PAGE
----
David E. Williams' Health Business Blog is this week's host of Grand Rounds. You can read this week’s edition here.
Welcome to Grand Rounds 6:24. Regular readers know I provide a mix of health care wonkery, cheerleading of entrepreneurs, and light-hearted, humorous Grand Rounds. But this week’s batch of submissions is mostly in the pain and suffering category.If you think I’m joking, read on.Pain and sufferingOther Things Amanzi is profoundly affected by the death of a kidney transplant patient. The fellow walked into the hospital with the realistic hope of life without dialysis and departed on a cold morgue slate. Can’t win ‘em all, but that’s not much comfort in this case.
A year ago I was still in nursing school and in total awe of all the nurse bloggers I was reading when I should have been studying. Now not only am I working my dream job, I am hosting Change of Shift! It is such an honor to be counted among the ranks of all those nurse bloggers I am still so in awe of. I hope you all enjoy reading this edition.We’re starting off with Mother Jones and her commentary on Change of Shift: The Art of Giving Report. It really is an art……
Yup, St Patrick's day is soon approaching, and that means that St Baldrick's day is also approaching….This is my third year doing this, and I do it in memory of my friend Nathan Gentry, who lost his battle with Neuroblastoma at age seven, and in memory of Henry Scheck, who passed away from Medulloblastoma.Thanks for your consideration.
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…If you adore Science Verse, the same author and illustrator have given us Math Curse, Scieszka and Lane, Viking, 1995.A young student with math anxiety discovers that his whole life is comprised of various math problems, but fortunately, math also offers him a solid solution. The illustrations are just as epic in silliness as Science Verse, as are the problems he encounters. From the moment he gets out of bed, he's presented with math problems as he tried to get dressed for school:I have 1 white shirt,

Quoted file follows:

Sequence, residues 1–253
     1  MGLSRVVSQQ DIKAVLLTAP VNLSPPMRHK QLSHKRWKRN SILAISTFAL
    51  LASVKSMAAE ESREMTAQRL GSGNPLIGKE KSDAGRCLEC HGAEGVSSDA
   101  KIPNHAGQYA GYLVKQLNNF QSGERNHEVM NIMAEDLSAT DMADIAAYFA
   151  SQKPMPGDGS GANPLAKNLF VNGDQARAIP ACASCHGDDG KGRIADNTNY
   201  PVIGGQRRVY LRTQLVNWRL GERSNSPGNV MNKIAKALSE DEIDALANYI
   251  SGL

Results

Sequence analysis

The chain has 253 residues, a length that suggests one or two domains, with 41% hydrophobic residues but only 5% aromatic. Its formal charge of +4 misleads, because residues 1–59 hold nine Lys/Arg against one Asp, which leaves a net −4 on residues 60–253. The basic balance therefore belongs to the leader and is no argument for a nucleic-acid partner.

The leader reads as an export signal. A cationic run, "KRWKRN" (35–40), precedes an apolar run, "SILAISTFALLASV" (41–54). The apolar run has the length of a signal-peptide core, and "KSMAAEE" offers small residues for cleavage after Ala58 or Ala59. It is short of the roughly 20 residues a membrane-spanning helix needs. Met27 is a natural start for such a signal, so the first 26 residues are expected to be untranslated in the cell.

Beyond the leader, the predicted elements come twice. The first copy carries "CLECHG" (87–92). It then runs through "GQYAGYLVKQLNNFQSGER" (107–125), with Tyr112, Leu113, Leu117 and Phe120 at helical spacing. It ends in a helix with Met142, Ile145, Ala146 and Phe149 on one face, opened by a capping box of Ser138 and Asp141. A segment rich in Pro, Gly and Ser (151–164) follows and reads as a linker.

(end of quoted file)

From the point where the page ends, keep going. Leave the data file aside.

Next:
3 blue shirts,
3 striped shirts,
and that 1 ugly plaid shirt my Uncle Zeno sent me.
How many shirts is that all together?
How many shirts would I have if I threw away that awful plaid shirt?
When will Uncle Zeno stop sending me such ugly shirts?
Everything seems to be a problem.
Check out nice article on my blog: http://www.boston.com/bostonglobe/editorial_opinion/oped/articles/2010/03/05/health_and_care/
PRIMARY CARE medicine may be on the decline in prestige and pay, but the fancy surgical specialties can’t offer the same daily dose of satisfaction, heartbreak, and connection. Judy Paley, a primary care doctor with a two-person practice and a load of bills in Denver, has started a blog brimming with what she calls “close encounters of the life-saving kind.’’ Reading it is good for what ails you.
One of the cornerstones of medical ethics is the concept of patient autonomy. MedicineNet.com provides a succinct definition: “The right of patients to make decisions about their medical care without their health care provider trying to influence the decision. Patient autonomy does allow for health care providers to educate the patient but does not allow the health care provider to make the decision for the patient.”……..
It's Tree Streets, an urban forestry project that is no more complicated than planting trees along public right of ways in the center city. It is about to plant its 1,000th tree. Think of the canopy of shade this work will provide for years after all the hole diggers, planters and waterers are gone.
3/18 : Dr. Lucy Hornstein from Musings Of A Dinosaur